Last year, Eastern Standard set out on an exercise that’s probably familiar to many of you: crafting a company values statement.
It was long overdue. We were approaching our 5-year anniversary as a company and hadn’t ever taken the time to codify what we felt was important and compelling about the work that we do.
The exercise proved interesting — and a bit difficult — for two reasons. First, the founding partners at our company all come from a freelance background that required us to scrounge up work from anyone who had a job for us. In those early days, the goal was simply to make it through the next month without going broke. That sort of circumstance doesn’t offer extra time to think about overarching values, nor does it allow you to be selective with the clients you work with. The company would evolve organically, and ultimately grow to a point where it was important to assess our shared values, but we hadn’t taken the time to zoom out for a 30,000-foot view of what our shared values really looked like.
The second and probably most complicating factor was this: As a group of partners, we are very wary of anything that sounds inauthentic or sanctimonious. We did not want a bubbly values statement that people might like to hear, but that didn’t really represent us or provide a compass for future decision-making.
As someone whose tolerance for bullshit is exceptionally low, I was plagued by the question of how to come up with a values statement I could get behind, and that didn’t strike me as a sanctimonious drivel. I wanted to understand the practical use of a values statement, and here’s the exercise I went through to get there:
Values, Perspectives, and Expectations
My goal was to take the abstract concept of “values” and somehow funnel it into something more tactical, more concrete.
It occurred to me that values can reduce to perspectives, and perspectives can reduce to expectations. I’ll explain what I mean.
Consider the following value:
"We care about creating meaningful experiences."
If we have that value, it inherently means that we bring a certain set of perspectives to our work.
For example, a list of perspectives based on this value might include:
- Design should be used to solve problems and enhance human experience (as opposed to being thought of as a purely visual exercise).
- Our clients and collaborators should have a positive, constructive experience throughout the process of working with us.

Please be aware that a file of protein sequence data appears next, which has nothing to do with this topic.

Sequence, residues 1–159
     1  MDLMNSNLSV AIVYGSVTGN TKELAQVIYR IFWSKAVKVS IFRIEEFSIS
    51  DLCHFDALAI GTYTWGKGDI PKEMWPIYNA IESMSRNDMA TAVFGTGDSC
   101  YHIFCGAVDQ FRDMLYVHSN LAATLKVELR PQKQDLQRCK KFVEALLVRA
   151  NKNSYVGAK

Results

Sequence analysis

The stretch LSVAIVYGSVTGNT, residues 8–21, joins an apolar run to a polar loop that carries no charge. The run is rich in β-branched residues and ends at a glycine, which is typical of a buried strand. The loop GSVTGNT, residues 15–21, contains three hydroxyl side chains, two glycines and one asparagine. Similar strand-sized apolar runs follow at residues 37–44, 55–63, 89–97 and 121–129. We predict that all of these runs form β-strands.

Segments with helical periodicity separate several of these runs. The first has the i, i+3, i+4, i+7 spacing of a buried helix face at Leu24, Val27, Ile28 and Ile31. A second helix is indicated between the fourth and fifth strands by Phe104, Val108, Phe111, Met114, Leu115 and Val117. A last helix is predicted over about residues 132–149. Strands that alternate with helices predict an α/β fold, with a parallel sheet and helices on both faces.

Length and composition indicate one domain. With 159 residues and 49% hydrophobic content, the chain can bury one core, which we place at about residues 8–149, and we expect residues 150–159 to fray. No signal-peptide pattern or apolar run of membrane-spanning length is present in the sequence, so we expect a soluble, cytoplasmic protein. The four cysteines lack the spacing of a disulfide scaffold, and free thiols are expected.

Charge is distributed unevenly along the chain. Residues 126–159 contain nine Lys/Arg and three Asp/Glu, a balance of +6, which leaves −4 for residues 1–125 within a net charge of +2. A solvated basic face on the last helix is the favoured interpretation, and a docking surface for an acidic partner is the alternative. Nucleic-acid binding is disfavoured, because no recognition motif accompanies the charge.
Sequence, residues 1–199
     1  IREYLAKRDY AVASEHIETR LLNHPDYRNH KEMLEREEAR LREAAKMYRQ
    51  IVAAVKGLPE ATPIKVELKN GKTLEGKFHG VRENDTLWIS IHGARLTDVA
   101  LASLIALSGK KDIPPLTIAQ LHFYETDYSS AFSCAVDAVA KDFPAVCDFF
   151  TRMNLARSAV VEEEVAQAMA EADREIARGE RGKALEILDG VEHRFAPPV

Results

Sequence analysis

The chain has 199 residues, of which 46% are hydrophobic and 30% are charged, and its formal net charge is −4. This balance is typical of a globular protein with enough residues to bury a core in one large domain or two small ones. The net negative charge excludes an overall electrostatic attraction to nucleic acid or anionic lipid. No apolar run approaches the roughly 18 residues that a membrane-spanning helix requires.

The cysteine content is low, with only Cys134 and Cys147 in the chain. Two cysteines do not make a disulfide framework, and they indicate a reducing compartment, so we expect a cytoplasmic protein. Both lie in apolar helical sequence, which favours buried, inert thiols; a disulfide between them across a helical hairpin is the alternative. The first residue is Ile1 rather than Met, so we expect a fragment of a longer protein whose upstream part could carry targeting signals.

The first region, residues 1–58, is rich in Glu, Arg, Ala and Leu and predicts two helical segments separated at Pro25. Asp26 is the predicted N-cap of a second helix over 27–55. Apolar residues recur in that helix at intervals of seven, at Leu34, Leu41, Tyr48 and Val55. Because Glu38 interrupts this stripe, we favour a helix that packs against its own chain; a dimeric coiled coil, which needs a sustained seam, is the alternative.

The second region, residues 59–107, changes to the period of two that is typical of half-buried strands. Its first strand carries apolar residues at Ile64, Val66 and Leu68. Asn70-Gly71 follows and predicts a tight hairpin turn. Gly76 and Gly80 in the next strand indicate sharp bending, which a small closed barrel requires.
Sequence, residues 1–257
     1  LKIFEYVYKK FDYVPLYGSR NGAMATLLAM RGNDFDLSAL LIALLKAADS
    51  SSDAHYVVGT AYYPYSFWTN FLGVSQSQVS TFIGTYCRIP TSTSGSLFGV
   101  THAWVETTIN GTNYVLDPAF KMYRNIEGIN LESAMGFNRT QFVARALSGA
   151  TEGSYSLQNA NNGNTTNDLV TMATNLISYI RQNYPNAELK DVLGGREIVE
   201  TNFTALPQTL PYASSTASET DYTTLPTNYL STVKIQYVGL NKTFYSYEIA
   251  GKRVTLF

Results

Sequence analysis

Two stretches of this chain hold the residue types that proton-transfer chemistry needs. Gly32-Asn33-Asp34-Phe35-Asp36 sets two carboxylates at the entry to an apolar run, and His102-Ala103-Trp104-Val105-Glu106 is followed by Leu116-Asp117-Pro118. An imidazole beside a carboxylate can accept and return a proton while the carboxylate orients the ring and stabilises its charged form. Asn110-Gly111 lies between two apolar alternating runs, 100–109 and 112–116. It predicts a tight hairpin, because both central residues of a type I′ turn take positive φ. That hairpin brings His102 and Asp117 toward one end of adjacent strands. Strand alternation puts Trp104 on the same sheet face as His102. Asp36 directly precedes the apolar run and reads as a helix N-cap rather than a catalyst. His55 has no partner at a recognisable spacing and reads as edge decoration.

There can be any number of perspectives tied to a given value. Where the rubber meets the road, though, is in the expectations. The expectations dictate what sort of practical, day-to-day standards it is fair to hold yourself and your team to.
Some practical expectations that emerge from this set of perspectives:
- UX decisions should prioritize end-user usability over a designer’s intuitions or opinions.
- Web accessibility is non-negotiable.
- Clients and collaborators should receive consistent, honest communication throughout a project.
The way I think about it is that values are more or less immutable: They represent core tenets of what we believe. A perspective is a less abstract result of holding that value, and introduces one or more notions of how that value might look in practice. Perspectives can change with time, and more than one can be tied to a particular value. Expectations are specific, day-to-day standards that we hold ourselves and others to.
The Value of Values
For me, the practical benefit of identifying and codifying our values is that we create a shared framework for making decisions, as it aligns our approach to the work that we do. As practitioners-turned-leaders, it can be difficult to escape the desire to micromanage. Our instinct is to have each and every decision be made “the way we would do it.” But that’s not scalable for a company, nor does it create a healthy environment for team growth.
However, by defining our top-level values, we're able to maintain the core tenets of our company while allowing the team to explore new ways in which those values can be implemented as perspectives and expectations. When we rolled out our values statement to the team, we did so in a workshop that asked everyone to break into groups and try to think of perspectives and expectations that align with each value.
Going forward, this list will continue to evolve and expand as we grow, but it will always remain bracketed by the top-level values that we think are most critical to our team, our clients, and our end product.